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Instructed by the Antiquary times,
He must, he is, he cannot but be wise.

Troilus and Cressida, Act ii., sc. 3.



London: ELLIOT STOCK, 62, Paternoster Row.




The Antiquary.

JANUARY, 1895.

jftotes of tfje eont&.

In our " Notes of the Month " for December
we mentioned a small bronze that had turned
up at Tullie House, Carlisle, with Kpovos on
a paper label on its wooden stand, and a
supposed Etruscan inscription cut on the
bronze itself. It has since been submitted
to the authorities at the British Museum,
who pronounce the figure interesting and
genuine, a verdict which they decline to
extend, in both its branches, to the inscrip-
tion. The bronze is evidently a part of one
of the feet of an Etruscan bronze cista. It
represents a satyr with wings, and the wings
are explained by the necessity of having a
broad surface to make a secure attachment.
This figure has become detached from the
cista, and fallen into the hands of some-
one who has sawn off the figure's legs and
mounted it on a wooden stand with Kpovos
on a paper label pasted thereon ; while on
the figure's breast he has cut the word
" Krunus " in Etruscan characters. Two or
three things betray the fraud; the lettering
is wrong ; the word " Krunus " does not
appear to have been known to the Etrus-
cans, and an inscription in such a place is
very unusual. The fraud is probably the
work of some Italian dealer in antiquities,
bent upon improving a genuine piece of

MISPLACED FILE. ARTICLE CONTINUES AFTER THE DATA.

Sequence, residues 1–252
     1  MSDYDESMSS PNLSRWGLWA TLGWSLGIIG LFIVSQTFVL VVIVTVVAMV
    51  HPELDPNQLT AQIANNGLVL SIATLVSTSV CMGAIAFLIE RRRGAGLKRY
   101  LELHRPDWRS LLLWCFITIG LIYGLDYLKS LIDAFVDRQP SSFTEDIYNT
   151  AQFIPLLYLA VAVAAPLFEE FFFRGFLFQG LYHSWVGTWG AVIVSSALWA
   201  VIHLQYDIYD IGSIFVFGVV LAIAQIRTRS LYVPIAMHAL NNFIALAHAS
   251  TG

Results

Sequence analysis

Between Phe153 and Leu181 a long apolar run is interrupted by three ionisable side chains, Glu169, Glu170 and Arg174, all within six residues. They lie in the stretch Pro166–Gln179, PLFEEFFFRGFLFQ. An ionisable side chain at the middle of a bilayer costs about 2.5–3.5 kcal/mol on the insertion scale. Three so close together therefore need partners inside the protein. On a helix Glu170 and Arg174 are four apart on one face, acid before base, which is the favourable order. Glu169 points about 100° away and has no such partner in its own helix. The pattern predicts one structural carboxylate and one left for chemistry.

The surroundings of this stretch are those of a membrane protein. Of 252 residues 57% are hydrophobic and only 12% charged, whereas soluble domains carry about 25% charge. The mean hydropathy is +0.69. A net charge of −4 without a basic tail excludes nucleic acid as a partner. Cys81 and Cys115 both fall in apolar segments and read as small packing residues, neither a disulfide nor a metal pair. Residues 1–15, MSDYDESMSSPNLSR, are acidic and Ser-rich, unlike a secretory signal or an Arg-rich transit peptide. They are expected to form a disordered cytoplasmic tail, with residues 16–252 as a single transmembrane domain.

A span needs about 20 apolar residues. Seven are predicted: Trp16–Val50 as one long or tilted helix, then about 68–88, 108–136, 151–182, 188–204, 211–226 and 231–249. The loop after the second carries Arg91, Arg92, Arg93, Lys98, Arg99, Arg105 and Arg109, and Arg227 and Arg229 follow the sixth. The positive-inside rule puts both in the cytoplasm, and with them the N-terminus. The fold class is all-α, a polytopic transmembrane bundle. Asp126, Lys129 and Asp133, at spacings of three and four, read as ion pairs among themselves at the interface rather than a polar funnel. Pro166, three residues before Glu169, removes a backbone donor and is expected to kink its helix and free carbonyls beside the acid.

antiquity into a more saleable article. The
condition of the label, and of the wooden
stand show that the fraud must be of some
age perhaps a century. The bronze has
been in the Museum certainly twenty years,
perhaps fifty.
vol. xxxi.

A fine carved head, in red sandstone, of
Roman date has just been added to the
Tullie House collections ; it appears to have
been found there during the excavations for
the foundations, and to have been carried off
by one of the navvies, who kept it until stress
of circumstances, or thirst for beer, forced
him to realize. It represents a face with
bold profile ; the hair, which is done in small
coils, is confined by a narrow fillet round
the head, and carried down the side of the
face to meet the whiskers and beard, which
are dressed in the same manner.

& 4p 4p

Mr. R. Holmes, of Pontefract, draws atten-
tion in a local newspaper to an interesting
discovery. He says : " The Pontefract water-
supply is now being extended to Carleton, or
rather to the Pontefract Ward outskirts of that
village, and during the excavations necessary
for laying the pipes, a very interesting dis-
covery has been made of an old - world
bouldered road. This was uncovered on
the rising ground between the railway-bridge
and the ' Rest-and-be-Thankful,' which was
placed by the late Rev. J. Armitage Rhodes
about two-thirds up the hill.

4? 4? 4p

"The bouldered road was clearly that 'way
to Carleton Cross,' towards the reparation of
which Robert Austwick, by will dated May 7,